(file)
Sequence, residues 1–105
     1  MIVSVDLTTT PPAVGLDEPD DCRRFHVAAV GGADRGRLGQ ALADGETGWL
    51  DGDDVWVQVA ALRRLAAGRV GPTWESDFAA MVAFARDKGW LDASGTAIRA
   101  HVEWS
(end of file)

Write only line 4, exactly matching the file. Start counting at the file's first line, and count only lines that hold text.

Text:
   101  HVEWS